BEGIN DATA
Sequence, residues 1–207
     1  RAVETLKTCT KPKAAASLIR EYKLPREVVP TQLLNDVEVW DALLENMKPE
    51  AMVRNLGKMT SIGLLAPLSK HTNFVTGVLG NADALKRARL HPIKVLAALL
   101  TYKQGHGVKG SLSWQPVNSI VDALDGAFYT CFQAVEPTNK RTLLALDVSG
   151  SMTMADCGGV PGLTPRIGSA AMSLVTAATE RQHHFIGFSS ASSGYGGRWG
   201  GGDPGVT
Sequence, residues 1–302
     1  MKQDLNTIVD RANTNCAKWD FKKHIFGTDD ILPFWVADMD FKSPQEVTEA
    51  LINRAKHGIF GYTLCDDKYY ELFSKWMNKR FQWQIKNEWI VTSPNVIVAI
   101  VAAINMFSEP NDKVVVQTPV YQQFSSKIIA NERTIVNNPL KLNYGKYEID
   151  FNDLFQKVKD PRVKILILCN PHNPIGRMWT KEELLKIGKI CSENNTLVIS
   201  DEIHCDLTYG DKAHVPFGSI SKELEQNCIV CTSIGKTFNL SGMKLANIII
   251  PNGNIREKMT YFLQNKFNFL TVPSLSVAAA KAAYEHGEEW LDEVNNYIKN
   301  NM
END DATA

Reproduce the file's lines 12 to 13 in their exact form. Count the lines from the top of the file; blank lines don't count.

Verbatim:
   201  DEIHCDLTYG DKAHVPFGSI SKELEQNCIV CTSIGKTFNL SGMKLANIII
   251  PNGNIREKMT YFLQNKFNFL TVPSLSVAAA KAAYEHGEEW LDEVNNYIKN